Consortium of Eosinophilic Gastrointestinal Disease Researchers (CEGIR)
Eosinophilic esophagitis, eosinophilic gastritis, eosinophilic gastroenteritis, and eosinophilic colitis are disorders in which a type of immune cell (called eosinophils) builds up in the digestive tract, causing gastrointestinal tissue damage. These disorders are painful, lifelong, and make it hard or impossible for people to eat many or all foods. The Consortium of Eosinophilic Gastrointestinal Disease Researchers (CEGIR) includes clinical centers in Arkansas, California, Colorado, Illinois, Maryland, Massachusetts, Minnesota, New York, North Carolina, Ohio, Pennsylvania, Texas and Utah. CEGIR’s goals are to improve the lives of patients with eosinophilic gastrointestinal diseases through research. CEGIR is conducting innovative clinical studies including interventional trials. CEGIR is collecting clinical information and biological samples from patients to better understand, diagnose and treat these conditions; develop the best methods to measure symptoms and track patients; develop better treatments; make data available to patients, clinicians, researchers, and the public; and engage and cooperate with patient advocacy groups.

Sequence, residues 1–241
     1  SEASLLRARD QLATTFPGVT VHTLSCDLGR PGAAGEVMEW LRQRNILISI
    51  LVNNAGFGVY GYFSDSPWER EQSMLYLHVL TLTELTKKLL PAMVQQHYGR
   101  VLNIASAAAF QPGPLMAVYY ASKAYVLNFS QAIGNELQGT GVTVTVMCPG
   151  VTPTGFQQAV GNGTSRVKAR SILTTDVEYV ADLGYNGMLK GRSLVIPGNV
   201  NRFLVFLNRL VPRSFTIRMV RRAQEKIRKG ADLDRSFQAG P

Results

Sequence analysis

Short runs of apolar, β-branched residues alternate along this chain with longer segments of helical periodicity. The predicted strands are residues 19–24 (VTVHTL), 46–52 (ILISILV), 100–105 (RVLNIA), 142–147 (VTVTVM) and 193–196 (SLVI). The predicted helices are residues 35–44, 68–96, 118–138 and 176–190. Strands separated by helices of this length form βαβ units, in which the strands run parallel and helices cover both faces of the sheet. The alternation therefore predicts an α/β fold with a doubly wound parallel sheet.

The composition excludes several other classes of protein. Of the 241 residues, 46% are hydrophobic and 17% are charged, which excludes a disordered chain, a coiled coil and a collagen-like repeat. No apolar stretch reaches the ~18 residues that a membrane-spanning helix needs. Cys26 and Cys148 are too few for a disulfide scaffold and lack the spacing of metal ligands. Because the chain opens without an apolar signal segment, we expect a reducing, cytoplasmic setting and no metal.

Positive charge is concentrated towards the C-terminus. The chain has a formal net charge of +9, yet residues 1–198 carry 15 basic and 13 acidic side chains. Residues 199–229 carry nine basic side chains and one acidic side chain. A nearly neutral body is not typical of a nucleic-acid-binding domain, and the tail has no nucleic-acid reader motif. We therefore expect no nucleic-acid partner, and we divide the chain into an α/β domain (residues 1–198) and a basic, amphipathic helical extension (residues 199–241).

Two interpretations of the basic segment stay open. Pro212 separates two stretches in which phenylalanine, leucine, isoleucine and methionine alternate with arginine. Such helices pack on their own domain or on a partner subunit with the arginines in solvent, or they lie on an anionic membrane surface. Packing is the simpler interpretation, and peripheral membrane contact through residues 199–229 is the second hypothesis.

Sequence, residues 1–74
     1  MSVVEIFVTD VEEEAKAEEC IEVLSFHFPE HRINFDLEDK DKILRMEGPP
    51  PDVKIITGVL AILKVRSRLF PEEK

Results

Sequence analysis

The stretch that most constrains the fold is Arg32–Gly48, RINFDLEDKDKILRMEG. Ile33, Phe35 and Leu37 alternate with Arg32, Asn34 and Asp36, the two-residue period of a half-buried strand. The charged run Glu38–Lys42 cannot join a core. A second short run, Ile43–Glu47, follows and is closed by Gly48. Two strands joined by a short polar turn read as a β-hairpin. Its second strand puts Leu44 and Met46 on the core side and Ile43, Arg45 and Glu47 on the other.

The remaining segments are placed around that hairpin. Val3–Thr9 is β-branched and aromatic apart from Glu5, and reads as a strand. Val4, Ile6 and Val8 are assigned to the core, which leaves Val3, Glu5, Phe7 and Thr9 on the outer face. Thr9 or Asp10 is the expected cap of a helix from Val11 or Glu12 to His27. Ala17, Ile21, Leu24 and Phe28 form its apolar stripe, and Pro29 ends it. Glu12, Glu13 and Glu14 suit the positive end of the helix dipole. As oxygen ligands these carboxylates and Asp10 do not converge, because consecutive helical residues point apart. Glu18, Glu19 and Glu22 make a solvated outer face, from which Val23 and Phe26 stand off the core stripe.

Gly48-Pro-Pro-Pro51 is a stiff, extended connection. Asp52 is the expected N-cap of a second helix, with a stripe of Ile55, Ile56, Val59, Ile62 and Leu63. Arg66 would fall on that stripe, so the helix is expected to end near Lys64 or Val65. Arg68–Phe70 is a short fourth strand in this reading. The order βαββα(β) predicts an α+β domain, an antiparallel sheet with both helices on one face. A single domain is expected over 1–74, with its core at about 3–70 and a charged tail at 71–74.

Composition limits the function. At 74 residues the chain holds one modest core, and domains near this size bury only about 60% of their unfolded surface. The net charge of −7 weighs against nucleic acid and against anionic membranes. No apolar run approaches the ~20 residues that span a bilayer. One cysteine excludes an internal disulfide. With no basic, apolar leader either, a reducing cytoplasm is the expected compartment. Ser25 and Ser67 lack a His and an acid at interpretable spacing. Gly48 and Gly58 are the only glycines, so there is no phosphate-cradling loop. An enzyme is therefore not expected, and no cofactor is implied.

The Consortium of Eosinophilic Gastrointestinal Disease Researchers (CEGIR) is part of the Rare Diseases Clinical Research Network (RDCRN), which is funded by the National Institutes of Health (NIH) and led by the National Center for Advancing Translational Sciences (NCATS) through its Division of Rare Diseases Research Innovation (DRDRI). CEGIR is funded under grant number U54AI117804 as a collaboration between NCATS, the National Institute of Allergy and Infectious Diseases (NIAID), and the National Institute of Diabetes and Digestive and Kidney Diseases (NIDDK). All RDCRN consortia are supported by the network’s Data Management and Coordinating Center (DMCC) (U2CTR002818). Funding support for the DMCC is provided by NCATS and the National Institute of Neurological Disorders and Stroke (NINDS).